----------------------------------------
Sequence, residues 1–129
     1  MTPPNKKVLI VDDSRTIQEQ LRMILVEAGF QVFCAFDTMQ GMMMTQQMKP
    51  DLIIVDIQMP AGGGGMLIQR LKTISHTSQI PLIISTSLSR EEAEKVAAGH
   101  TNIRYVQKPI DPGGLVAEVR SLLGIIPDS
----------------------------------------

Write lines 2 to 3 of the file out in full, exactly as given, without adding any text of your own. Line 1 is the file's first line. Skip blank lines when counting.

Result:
     1  MTPPNKKVLI VDDSRTIQEQ LRMILVEAGF QVFCAFDTMQ GMMMTQQMKP
    51  DLIIVDIQMP AGGGGMLIQR LKTISHTSQI PLIISTSLSR EEAEKVAAGH